How Nutrients Affect Mood and Behavior

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The first article in this series on food and mood explains the chemical basis for how food affects our mood. In this article, we’ll talk more about specific foods and eating habits that affect your mood and the burgeoning field of Nutritional Psychology.

What is Nutritional Psychology?

The newly emerging field of Nutritional Psychology addresses the old adage that you are what you eat. The work of Nutritional Psychology is the result of years of work and research in nutrition, psychology, and integrative medicine all coming together into one, integrated effort to understand how nutrient intake affects our mood, ability to tolerate stress, inflammation, energy levels, sleeping patterns and cognitive ability, and even our medication needs and behaviors. In short, Nutritional Psychology investigates how what we eat influences our everyday, functional lives.

After decades of discrete experiments investigating individual foods or nutrients, scientists confidently agree that there is definitely a connection between food and mood. In order to investigate that connection further, they also recognize a need for a more collaborative and integrated approach to understanding the role that nutrients play in our everyday lives and our overall health and wellbeing.

That doesn’t mean we shouldn’t eat a healthy diet or take up some healthy eating habits. The following tips are backed by research and contribute to an overall healthy diet. Pay attention to how you feel when you eat different foods.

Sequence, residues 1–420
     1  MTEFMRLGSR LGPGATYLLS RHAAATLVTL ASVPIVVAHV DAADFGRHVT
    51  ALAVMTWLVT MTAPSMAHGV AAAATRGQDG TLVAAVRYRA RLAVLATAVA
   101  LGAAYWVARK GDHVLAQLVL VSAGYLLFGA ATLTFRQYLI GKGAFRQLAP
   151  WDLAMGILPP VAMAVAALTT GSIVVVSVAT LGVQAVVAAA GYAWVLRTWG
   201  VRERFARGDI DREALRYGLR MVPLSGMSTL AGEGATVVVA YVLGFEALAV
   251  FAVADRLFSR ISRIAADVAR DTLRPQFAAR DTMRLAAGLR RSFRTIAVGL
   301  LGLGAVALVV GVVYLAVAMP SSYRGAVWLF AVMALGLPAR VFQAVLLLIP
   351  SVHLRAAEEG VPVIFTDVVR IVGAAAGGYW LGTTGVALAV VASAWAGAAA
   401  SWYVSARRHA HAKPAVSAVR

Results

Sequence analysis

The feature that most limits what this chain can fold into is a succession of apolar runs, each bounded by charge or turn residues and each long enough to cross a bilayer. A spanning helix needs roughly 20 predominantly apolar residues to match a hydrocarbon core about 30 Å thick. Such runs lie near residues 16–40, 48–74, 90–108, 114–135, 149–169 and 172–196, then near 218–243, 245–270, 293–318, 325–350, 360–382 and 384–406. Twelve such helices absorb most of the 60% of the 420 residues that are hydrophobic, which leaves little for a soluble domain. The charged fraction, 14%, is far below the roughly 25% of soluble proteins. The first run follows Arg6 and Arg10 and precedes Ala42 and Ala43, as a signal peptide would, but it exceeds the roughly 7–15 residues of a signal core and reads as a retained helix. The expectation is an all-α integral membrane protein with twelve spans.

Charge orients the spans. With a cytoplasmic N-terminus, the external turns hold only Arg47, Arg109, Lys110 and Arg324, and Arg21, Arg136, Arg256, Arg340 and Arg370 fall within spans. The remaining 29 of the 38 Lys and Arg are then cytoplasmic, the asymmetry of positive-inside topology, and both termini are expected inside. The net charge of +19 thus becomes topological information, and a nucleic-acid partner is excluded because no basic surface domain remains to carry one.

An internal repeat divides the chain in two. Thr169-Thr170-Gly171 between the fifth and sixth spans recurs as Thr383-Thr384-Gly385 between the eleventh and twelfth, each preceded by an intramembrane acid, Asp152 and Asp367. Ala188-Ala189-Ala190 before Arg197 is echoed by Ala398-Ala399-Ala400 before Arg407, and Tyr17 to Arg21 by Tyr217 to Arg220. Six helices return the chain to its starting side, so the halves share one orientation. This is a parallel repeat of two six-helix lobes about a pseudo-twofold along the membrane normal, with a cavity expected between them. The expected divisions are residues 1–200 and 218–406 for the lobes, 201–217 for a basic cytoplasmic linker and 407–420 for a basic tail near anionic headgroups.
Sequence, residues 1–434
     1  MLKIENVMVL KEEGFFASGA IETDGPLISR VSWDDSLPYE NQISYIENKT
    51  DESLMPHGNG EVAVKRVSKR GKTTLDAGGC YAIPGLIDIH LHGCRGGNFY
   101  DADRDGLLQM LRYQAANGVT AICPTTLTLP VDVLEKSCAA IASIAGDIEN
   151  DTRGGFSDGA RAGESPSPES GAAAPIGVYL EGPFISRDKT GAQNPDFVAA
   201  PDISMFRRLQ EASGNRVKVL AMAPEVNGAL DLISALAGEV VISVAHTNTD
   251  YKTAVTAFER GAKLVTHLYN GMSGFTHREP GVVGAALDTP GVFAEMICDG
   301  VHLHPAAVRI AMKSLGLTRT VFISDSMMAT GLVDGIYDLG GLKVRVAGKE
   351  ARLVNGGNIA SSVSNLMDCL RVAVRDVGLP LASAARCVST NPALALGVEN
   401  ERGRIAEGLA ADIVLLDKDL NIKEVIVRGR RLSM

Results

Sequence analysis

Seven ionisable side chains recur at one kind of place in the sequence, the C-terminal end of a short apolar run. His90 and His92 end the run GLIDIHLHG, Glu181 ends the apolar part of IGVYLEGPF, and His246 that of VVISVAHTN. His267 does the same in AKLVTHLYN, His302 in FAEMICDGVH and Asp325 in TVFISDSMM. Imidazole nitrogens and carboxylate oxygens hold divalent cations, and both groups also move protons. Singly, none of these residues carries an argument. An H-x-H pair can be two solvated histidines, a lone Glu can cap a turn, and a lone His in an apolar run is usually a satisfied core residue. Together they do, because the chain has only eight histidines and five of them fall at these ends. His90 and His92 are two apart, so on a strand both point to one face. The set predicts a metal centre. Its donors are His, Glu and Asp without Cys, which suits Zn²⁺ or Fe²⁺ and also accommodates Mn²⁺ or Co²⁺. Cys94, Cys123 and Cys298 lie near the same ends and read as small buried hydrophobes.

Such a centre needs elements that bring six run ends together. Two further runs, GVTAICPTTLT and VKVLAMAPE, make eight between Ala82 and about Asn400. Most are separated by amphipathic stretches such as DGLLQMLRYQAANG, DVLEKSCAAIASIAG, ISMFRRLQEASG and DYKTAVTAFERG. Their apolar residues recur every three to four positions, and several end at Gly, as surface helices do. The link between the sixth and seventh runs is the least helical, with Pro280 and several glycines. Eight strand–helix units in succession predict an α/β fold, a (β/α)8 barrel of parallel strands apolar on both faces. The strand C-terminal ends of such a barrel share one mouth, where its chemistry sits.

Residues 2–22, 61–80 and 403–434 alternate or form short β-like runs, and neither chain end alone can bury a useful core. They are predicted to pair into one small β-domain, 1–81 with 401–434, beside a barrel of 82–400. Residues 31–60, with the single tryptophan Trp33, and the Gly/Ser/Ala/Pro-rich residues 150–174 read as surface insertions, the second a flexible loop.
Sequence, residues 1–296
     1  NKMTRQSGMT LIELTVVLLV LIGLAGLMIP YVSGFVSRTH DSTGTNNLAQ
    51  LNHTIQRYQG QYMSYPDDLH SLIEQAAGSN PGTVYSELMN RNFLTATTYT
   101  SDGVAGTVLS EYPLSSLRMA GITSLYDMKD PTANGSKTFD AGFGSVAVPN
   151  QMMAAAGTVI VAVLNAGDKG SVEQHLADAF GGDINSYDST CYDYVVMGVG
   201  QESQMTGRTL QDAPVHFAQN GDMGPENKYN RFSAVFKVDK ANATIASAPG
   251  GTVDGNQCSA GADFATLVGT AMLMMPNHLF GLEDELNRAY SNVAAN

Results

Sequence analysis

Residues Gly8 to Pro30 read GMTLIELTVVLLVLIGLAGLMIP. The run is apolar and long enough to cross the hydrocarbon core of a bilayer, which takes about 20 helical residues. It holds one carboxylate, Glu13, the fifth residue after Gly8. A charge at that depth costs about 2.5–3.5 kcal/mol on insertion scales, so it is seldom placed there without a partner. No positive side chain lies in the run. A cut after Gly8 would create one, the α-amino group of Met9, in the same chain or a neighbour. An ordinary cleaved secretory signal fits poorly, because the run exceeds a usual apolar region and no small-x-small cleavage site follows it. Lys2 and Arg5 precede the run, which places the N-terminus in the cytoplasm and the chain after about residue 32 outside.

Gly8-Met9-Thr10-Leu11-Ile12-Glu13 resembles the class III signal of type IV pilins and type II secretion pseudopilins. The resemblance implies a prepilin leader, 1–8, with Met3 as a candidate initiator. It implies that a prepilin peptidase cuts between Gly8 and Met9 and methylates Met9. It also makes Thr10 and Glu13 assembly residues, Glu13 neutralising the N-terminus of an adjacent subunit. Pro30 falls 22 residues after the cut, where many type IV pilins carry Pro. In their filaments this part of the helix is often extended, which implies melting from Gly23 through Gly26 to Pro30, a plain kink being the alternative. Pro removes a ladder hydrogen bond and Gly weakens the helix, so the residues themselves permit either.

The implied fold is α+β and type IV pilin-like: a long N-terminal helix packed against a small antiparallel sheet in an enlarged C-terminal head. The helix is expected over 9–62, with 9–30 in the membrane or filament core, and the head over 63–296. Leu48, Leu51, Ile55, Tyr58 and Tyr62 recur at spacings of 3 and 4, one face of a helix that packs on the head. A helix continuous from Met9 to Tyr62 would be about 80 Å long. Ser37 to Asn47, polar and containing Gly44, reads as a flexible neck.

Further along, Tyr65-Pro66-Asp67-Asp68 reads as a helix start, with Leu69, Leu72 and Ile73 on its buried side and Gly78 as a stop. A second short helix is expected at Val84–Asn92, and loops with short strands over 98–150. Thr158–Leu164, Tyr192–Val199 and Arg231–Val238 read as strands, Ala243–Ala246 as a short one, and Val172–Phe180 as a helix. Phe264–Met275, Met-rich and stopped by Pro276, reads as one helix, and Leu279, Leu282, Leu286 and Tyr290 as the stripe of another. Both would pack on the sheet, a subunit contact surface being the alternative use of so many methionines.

Eating for Mental Health

A Balanced Diet

Simply put, a balanced diet is one that includes all the things our bodies need to function: water, carbs, fat, protein, vitamins, minerals, and fiber. Where you get those things from, and their ratios, matter significantly. Too much of one and not enough of another throws your body off balance. And this off-balanced diet creates off-balanced moods.

Choose Your Carbs Wisely

Whole fruits and vegetables and whole grains are your best sources of carbohydrates. The more fiber you eat with your carbs, the more slowly your body absorbs them, which means longer, stable, sustained energy. Without those energy spikes, your body feels more stable and sustained.

Eating fruits and vegetables might slow down sugar intake, but the psychological benefits are fast coming. Research supports the promotion of adding fruits and vegetables to your diet to feel better fast. Don’t want to wait 12-14 weeks to see the impact of your new workout? Eat more fruits and vegetables now, feel better fast, and use that good mood as motivation to sustain all your healthy habits.

Also, Choose Your Fats Wisely

For many years, fat was regarded as the source of most of our diseases, especially heart disease. Unfortunately, when food producers strip away those fats, they replace them with filling but not-so-nutritional carbs that spike blood sugar, shift moods drastically, and leave us feeling hungry still.

Avoiding refined sugars and incorporating more whole foods means including healthy fats in your diet too. Stick to foods high in unsaturated fat, like fish, beans, nuts, seeds, and vegetable oils, like olive, corn, canola, sunflower, and avocado. Foods like red meat, dairy, butter, coconut oil, and palm oil are high in saturated fat, so eat less of them, or avoid them altogether.